Rising sea levels for some, and catastrophic droughts and wildfires for others, are imminent unless immediate action is taken to reduce greenhouse gas emissions, according to a new report from the United Nations. Yet in Wyoming only 60 percent of adults believe that global warming is actually happening. University of Cincinnati Anthropologist Daniel Murphy has studied how humans make decisions in the face environmental changes, from Mongolia to the Mountain West. He says the key to starting conversations about what to do about climate change is not to mention it all. Wyoming Public Radio's Tennessee Watson sat down with Murphy to find out more.
Tennessee Watson: If you're having a conversation about adapting to something in the future, to what degree do people need to be on the same page about the fact that there is change on the horizon?
Daniel Murphy: This is one of the interesting things that came out of our first research project that we did in southwest Montana in the Big Hole Valley, in a couple of towns there: Jackson, Wisdom and Wise River. Predominately these are ranching communities but there is small business; there are outfitters, hunting outfitters, fishing outfitters. So a lot of activity in that particular landscape. And what we noticed was . . . for one, we didn't need to come out and say that this is climate change because everyone we talked to recognized that there is change. And we spoke to ranchers who would give us stories about . . . when they were kids the snow was up above the fence. Every year snow above the fence and that they don't see that anymore. They talked about how they have much bigger herds of pronghorn. There are no moose anymore down in the valley. They notice these changes and so that's an entry point for them to start thinking about the future: 'Oh you know what? I've seen this.'.
And people, once they are able to see themselves in that, then they're able to craft meaning and establish that [they] have continuity in this landscape. This isn't the end of the world. [They] can do things here. And I think that's empowering.
When you're talking about iconic changes. Iconic -- whether it's these massive hurricanes like you just saw in Florida or sea level rising -- that is a different way of attaching onto and putting meaning on and establishing understanding with this larger global process. When you live on the land and you make your living from the land like many people in Wyoming do, and in the West do, [the iconic change] is less meaningful because it's kind of one signal in the environment, when they know that there are many signals, that there's a lot going on. So there are these different ways you attach meaning to those things that I think are really really important, and are different for different people when you live in different places, and interact with the world in different ways.
TW: That idea is really interesting, of the way that we emotionally respond to something that is apocalyptic. Where we are like 'ooh we're not going to make it.' The doom and gloom versus . . . imagining a future that might change, but where I can envision how I would survive. What I hear you saying is that doesn't shut us down in the same way. That if we can see ourselves adapting, that we stay in the conversation. If we're told we're all toast then we check out and we don't do anything about it.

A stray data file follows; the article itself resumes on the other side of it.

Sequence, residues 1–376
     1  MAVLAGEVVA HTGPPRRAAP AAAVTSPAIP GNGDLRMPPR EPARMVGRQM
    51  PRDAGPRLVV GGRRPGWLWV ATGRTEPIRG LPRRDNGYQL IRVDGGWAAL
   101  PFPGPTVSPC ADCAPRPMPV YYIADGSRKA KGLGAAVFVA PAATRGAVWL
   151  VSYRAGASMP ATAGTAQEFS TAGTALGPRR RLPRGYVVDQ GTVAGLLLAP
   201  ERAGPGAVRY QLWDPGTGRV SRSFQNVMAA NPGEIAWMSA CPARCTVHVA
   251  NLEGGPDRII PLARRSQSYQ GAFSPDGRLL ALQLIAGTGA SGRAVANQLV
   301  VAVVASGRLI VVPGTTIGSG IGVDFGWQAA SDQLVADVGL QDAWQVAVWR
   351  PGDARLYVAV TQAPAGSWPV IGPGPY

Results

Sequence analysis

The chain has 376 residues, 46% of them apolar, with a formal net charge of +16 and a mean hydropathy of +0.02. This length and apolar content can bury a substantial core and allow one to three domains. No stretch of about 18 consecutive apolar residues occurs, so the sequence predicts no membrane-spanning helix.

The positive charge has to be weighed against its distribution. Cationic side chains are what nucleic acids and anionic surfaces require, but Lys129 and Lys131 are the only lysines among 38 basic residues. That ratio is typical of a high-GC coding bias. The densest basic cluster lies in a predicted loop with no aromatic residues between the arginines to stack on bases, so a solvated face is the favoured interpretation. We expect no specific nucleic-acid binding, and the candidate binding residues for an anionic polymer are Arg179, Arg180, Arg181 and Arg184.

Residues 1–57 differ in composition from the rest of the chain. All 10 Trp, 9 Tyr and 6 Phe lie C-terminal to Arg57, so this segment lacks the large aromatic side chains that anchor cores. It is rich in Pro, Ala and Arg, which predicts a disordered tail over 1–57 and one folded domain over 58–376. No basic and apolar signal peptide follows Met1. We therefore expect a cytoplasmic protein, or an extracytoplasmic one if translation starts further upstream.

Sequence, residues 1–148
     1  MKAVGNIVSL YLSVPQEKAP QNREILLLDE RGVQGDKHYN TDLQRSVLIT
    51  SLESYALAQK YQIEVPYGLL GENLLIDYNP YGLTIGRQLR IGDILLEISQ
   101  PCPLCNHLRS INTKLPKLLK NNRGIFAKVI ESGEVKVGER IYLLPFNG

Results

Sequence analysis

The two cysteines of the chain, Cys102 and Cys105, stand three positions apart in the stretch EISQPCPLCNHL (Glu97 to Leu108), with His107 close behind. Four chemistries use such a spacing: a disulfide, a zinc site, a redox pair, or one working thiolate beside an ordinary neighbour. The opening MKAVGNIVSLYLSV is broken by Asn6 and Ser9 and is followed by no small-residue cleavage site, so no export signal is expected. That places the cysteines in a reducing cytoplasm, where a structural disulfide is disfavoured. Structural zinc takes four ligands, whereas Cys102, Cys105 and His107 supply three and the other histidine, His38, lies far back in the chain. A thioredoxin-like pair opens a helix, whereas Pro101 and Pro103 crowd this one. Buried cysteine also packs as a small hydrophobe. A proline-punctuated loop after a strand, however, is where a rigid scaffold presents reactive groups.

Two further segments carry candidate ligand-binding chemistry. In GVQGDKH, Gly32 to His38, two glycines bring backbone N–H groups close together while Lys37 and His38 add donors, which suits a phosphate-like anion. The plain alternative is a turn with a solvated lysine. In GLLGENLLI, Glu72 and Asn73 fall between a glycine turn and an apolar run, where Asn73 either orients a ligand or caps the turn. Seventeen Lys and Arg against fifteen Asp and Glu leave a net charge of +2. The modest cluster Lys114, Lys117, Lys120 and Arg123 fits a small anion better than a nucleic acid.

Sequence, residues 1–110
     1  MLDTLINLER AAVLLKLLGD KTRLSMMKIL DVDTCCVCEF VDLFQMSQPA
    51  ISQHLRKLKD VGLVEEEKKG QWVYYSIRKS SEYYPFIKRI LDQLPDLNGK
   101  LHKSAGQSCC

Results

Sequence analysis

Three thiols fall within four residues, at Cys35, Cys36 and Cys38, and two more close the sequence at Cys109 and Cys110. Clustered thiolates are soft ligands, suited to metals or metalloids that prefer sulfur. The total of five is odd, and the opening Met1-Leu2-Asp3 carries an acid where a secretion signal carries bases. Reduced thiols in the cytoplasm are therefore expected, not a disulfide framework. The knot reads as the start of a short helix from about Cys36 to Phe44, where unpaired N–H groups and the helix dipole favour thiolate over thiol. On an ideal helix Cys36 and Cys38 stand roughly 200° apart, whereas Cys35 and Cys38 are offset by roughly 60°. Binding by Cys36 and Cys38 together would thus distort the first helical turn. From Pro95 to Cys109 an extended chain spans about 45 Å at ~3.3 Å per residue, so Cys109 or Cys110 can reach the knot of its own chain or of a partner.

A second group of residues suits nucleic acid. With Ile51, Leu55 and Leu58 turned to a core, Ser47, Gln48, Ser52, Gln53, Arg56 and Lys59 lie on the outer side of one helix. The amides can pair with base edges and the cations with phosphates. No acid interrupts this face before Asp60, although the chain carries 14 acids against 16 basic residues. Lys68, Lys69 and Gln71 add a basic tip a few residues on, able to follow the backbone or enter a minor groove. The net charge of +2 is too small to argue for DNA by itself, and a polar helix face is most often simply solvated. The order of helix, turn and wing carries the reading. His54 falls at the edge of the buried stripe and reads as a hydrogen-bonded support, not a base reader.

DM: If you're told you're all toast and you already don't believe in this particular narrative about climate change then you've hit a bunch of walls there. And so I think framing the conversation in the right way gets people to stay in the game and less likely to put up those walls and put up those barriers. For example, let's go back to the father and son who go out elk hunting every year, right? And they're noticing changes in the size of the elk herd, and they used to have a favorite hunting spot and that's radically changing. And then they go home to their ranch and they see the irrigation ditches are not filling up like they used to. The snowpack is lower than it used to be. And they start putting together things. They see these things because these things are not just resources. These are things that they have attached memory to. Attaching memory to that relationship with their father. You know, I had a rancher who talked about how much he loved his cows and how like these changes affecting his cows broke his heart. And so it's those memories and that meaning that's attached to these things that you see changing. And that's an entry point.
TW: And I guess for me my big takeaway from your work and what you've observed is that the better starting place is not the question: 'What are you going to do about this?' It's: 'What are you seeing in the place where you live?' But I guess I'm wondering, is that going to save us?
DM: For me, that's the only way to have the conversation. If you disagree with somebody, what you have to do is sit down face-to-face, and you listen, and they convey those sentiments and that emotion and that feeling. Most people they empathize and start to see the world through somebody else's eyes. And I think when you have those personal connections, that's the beginning of something. Now that's small, right? And this problem is really big. So I get the sense of that this seems like a huge scale issue. We're not at the right scale, but to me, there's no reason not to have those conversations. And you talk to that rancher who says 'you know this year has been a bad year.' Talk to them: 'Well what have you been doing about it? What do you plan to do about it? Is everybody else you know seeing this?'
If you go straight into saying: 'well that's climate change buddy!' Yeah that could be the end of the conversation. I mean why would somebody want to talk to you about that. You just told them what their world is and you just finished their story for them. And I think that's a problem. And so good listening is a very good habit to get into.